He has also written that as much as an archive points to the past, it ‘should call into question the coming of the future’. He writes, “It is a question of the future, the question of the future itself, the question of a response, of a promise and of a responsibility for tomorrow. The archive: if we want to know what that will have meant, we will only know in times to come” [5] And so we are left with the promise of what else this personal archive of partial imagery will elicit from the artist and thus from us the audience.

The small format watercolors are akin to artists’ studies. We rarely get to see this side of an artists’ practice nowadays and therefore I am consciously separating it from the artists’ archive because it is a unique and separate view that Dilip is providing into his praxis. Through art history it has been the standard practice of artists to make a host of preparatory drawings for their paintings (here we see a reversal, paintings as studies for complex drawings). Such studies enable us to see the artist’s mind at work, and to understand the processes involved in creating an artwork.Italsoshowsvariationsofathemeexploredbytheartistbeforearrivingat the final work and is thus an intriguing glimpse into so private an exercise.


The mind, reaching far beyond the stimuli received by the eyes directly and momentarily, operates with the vast range of imagery available through memory and organizes a total lifetime’s experience into a system of visual concepts. The thought mechanisms by which the mind manipulates these concepts operate in direct perception, but also in the interaction between direct perception and stored experience, as well as in the imagination of the artist, the scientist…

Rudolf Arnheim, Visual Perception,1969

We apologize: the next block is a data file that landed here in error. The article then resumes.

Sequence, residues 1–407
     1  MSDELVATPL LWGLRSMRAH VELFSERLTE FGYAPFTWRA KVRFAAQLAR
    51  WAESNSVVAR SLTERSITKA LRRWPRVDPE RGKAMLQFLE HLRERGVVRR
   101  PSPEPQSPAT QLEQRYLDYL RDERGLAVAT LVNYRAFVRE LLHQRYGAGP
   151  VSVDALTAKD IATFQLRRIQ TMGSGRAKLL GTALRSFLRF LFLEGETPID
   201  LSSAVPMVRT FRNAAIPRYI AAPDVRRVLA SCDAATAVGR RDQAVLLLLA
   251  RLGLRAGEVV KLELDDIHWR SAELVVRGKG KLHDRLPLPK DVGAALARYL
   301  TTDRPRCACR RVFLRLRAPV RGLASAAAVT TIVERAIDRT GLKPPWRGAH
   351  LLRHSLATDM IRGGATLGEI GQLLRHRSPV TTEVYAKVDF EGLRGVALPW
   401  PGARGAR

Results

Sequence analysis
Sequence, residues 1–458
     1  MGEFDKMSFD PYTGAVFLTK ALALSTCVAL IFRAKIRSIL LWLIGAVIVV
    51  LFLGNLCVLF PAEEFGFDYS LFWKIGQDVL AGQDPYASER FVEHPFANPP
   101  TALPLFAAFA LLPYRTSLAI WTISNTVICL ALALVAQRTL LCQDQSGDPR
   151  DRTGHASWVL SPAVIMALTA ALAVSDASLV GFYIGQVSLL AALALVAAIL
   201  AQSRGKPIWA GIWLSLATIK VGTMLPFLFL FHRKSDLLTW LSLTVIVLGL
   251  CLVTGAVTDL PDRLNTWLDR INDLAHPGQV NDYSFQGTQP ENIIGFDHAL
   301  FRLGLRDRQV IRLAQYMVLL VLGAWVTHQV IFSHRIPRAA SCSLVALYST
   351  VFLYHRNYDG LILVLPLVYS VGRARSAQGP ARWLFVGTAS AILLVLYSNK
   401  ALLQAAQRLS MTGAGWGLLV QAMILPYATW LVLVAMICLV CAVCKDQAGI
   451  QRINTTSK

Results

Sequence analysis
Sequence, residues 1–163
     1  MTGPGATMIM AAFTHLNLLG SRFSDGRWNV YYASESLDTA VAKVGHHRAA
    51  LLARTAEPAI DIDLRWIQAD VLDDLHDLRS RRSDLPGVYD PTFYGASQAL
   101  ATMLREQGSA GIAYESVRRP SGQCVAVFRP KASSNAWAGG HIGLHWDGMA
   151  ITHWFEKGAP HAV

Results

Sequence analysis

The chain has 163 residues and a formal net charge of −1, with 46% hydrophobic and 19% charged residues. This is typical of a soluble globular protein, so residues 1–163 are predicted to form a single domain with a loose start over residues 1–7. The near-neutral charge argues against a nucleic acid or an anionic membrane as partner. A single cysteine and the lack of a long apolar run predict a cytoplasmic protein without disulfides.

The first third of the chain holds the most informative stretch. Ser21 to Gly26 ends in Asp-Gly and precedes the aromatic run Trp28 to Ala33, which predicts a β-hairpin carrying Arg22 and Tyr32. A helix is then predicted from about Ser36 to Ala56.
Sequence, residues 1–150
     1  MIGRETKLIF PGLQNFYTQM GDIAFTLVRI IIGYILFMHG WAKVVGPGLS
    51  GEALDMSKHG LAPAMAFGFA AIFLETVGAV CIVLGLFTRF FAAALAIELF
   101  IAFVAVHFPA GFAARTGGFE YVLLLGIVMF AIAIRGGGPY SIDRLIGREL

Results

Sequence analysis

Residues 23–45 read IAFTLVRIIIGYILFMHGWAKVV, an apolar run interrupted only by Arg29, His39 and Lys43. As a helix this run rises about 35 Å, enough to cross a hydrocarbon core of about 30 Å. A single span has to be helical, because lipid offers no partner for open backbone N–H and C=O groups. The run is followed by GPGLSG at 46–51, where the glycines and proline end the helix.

Dilip describes himself as a ‘visual scientist’. [6] Arnheim has written extensively on the approximation between science and the visual arts in that they are both creative endeavors and depend on imagination, observation, perception and experimentation. Both fields require inventiveness. [7] The phenomena and procedures of science and technology are visual, analogical and thematic. Based on these characteristics, the visual core of science can be described in terms of 'master images' in the content of science, and 'visual processes' in the practice of science. A visual scientist is someone who studies the core properties of visual perception i.e. depth, blurring, textures etc. and in that sense Dilip is true in his self-description.

He sculpts in two dimension and thus sculpts the impossible creating renditions of visual illusions. It is in many ways a descendent of the visual tricks explored by M.C. Escher whose impossible constructions feature explorations of infinity and tessellation. Escher emphasized the importance of dimensionality and described himself as “irritated” by flat shapes: “I make them come out of the plane.” Like Escher Dilip is not a mathematician but he intuitively employs the principles of the discipline. Escher created foremost from the images in his mind and Dilip does much the same, by his own admission. But unlike Escher he roams the physical world in search of his visual vocabulary, as evidenced from his photographic archive. And finally to sum up in Escher’s own words, [8] which relate unerringly to Dilip’s complex art unique in the current landscape of the country;

When an element of plane division suggests to me the form of an animal, I immediately think of a volume. The "flat shape" irritates me - I feel as if I were shouting to my figures, "You are too fictitious for me; you just lie there static and frozen together; do something, come out of there and show me what you are capable of!" So I make them come out of the plane. But do they really do that? On the contrary, I am deliberately inconsistent, suggesting plasticity in the plane by means of light and shadow.

Deeksha Nath

August 2010

[1] Dilip Chobisa artist statement

[2] Arnheim, R. Towards a psychology of art. Berkeley & Los Angeles: University of California Press, 1966

[3] Arnheim, R Visual Perception. Berkeley & Los Angeles: University of California Press, 1969. pg. 296

[4] Essay in the catalogue accompanying the exhibition Immersions, curated by me at Anant Art Gallery, 2009.

[5] Derrida, J. Archive Fever: A Freudian Impression. Eric Prenowitz (trans.). Chicago: University of Chicago Press edition, 1996. pg. 36

[6] Essay in the catalogue accompanying the exhibition Immersions, curated by me at Anant Art Gallery, 2009.

[7] Derrida, J. Archive Fever: A Freudian Impression. Eric Prenowitz (trans.). Chicago: University of Chicago Press edition, 1996. pg. 36

[8] See endnotes ii and iii and also Art and Visual Perception: A Psychology of the Creative Eye. Berkeley & Los Angeles: University of California Press, 1974